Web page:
- The misstatements were made in Jan/early Feb 2008. Which is over five years ago - and most civil statutes of limitations expire in five years. That may explain the resort to FIRREA, which has a ten year statute, because, it was decided, financial fraud cases take a long time to put together.
- I'm kind of surprised no one from Main Justice was on the brief. Clearly Washington was involved, via the SEC (though it looks like the Atlanta branch did the investigating), but this may mark the beginning of an enforcement effort realized through delegations to the various US Attorneys' offices. There is some coordination; the SEC observed that the lawsuits "were coordinated by the federal-state RMBS Working Group that is focused on investigating fraud and abuse in the RMBS market that helped lead to the financial crisis."
Of course no one loves price fixing - other than those in on the fix.
Indeed, allegations of anti-competitive behavior in OTC derivatives markets have recently surfaced on both sides of the Atlantic. This week MF Global brought a class-action antitrust suit in the Northern District of Illinois against a number of large financial conglomerates and ISDA alleging violations of the Sherman Act. MF Global claims that the defendants conspired to deny derivatives brokers access to central clearing (by restricting access to a platform called ICE Clear controlled by the dealers).
MF Global's lawsuit builds on a European Union investigation involving similar allegations against many of the same defendants. The gravamen of the E.U. investigation: firms colluded to block Deutsche Boerse and the Chicago Merchantile Exchange from creating electronic exchanges for the credit derivatives market.
But one question lurking not too far below the surface is what this alleged behavior might mean for systemic risk.
On the one hand, there is a broad trend among policymakers in many nations to move OTC derivatives to exchanges and central clearing. The theory is that transparent exchange pricing and centralizing counterparty risk is a good way to mitigate systemic risk. (This view, however, is not universally shared; some see the move to centralize counterparty risk as transforming clearing houses into potential systemic risk time bombs. For a nuanced analysis - click here).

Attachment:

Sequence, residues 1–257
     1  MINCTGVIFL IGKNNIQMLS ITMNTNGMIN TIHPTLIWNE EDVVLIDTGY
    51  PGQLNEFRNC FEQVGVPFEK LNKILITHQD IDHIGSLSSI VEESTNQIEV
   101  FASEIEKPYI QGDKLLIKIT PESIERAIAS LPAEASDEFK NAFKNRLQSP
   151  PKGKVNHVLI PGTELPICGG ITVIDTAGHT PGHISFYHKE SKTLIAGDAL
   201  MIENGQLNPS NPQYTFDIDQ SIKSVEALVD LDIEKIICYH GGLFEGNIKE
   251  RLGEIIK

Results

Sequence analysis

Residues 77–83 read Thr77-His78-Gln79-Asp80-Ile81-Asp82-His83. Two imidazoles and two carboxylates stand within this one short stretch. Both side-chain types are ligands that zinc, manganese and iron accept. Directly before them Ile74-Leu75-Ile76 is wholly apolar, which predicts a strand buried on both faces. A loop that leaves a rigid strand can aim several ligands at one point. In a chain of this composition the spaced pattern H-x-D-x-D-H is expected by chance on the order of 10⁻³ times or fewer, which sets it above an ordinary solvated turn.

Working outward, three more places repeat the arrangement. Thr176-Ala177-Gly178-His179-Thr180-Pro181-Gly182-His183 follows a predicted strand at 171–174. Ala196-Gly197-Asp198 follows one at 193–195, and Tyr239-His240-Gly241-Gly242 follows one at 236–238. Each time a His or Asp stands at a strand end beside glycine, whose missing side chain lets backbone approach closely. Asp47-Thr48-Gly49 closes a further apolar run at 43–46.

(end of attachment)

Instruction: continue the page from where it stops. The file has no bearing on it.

So what else is not to love about opening up exchange trading and central clearing of derivatives to all?
Fighting systemic risk and ensuring price competition in derivatives markets are somewhat awkward bedfellows. Drilling a little deeper into the MF Global complaint, it appears that the crux of the allegations is that the smaller fish derivatives brokers could not clear trades on ICE Clear directly, but were forced to do so through one of the larger brokers that are members of ICE Clear. The big conglomerates allegedly restricted membership in the clearinghouse that they helped set up. The clearinghouse allegedly served as a kind of club to protect conglomerate profits in dealing derivatives.
Here is where things get tricky. If you believe that the crisis was exacerbated by too many credit derivatives being sold too cheaply (something I've written about), then perhaps anti-competitive behavior has some potential (and I stress both of those last two words) silver linings. After all, oligopoly behavior typically leads to too few of products being sold at prices that are too high.
This is not to condone any anti-competitive behavior. It is merely to underscore a somewhat uncomfortable fact: promoting financial stability and promoting vigorous price competition in financial markets can sometimes be in tension (something Gary Gorton has written about). The relatively stable and boring world of banking that imploded in the 1970s and 1980s was not vigorously competitive. In fact, it was competition from money market mutual funds and various other capital market products that blew open the doors to competition and started the cycle of financial deregulation spinning.
In DealBook, Steve Davidoff and I have a take on Perry Capital's interesting, and Ted Olson led, suit against the government after it changed the dividend payment rules for unextinguished but unresolved Fannie and Freddie shares that remained outstanding during the financial crisis. A taste: